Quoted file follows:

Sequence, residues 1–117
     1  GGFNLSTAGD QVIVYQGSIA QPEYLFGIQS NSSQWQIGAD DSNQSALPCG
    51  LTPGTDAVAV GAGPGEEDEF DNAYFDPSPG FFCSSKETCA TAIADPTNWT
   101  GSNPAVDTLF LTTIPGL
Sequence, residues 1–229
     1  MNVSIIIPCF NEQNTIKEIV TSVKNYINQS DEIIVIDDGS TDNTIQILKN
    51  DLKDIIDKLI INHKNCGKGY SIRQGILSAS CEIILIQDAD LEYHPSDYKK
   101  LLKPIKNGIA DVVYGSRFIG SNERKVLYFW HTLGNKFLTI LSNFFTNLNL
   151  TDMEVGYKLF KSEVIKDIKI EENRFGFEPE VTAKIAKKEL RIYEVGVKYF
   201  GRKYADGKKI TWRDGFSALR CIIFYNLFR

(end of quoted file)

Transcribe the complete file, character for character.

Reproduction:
Sequence, residues 1–117
     1  GGFNLSTAGD QVIVYQGSIA QPEYLFGIQS NSSQWQIGAD DSNQSALPCG
    51  LTPGTDAVAV GAGPGEEDEF DNAYFDPSPG FFCSSKETCA TAIADPTNWT
   101  GSNPAVDTLF LTTIPGL
Sequence, residues 1–229
     1  MNVSIIIPCF NEQNTIKEIV TSVKNYINQS DEIIVIDDGS TDNTIQILKN
    51  DLKDIIDKLI INHKNCGKGY SIRQGILSAS CEIILIQDAD LEYHPSDYKK
   101  LLKPIKNGIA DVVYGSRFIG SNERKVLYFW HTLGNKFLTI LSNFFTNLNL
   151  TDMEVGYKLF KSEVIKDIKI EENRFGFEPE VTAKIAKKEL RIYEVGVKYF
   201  GRKYADGKKI TWRDGFSALR CIIFYNLFR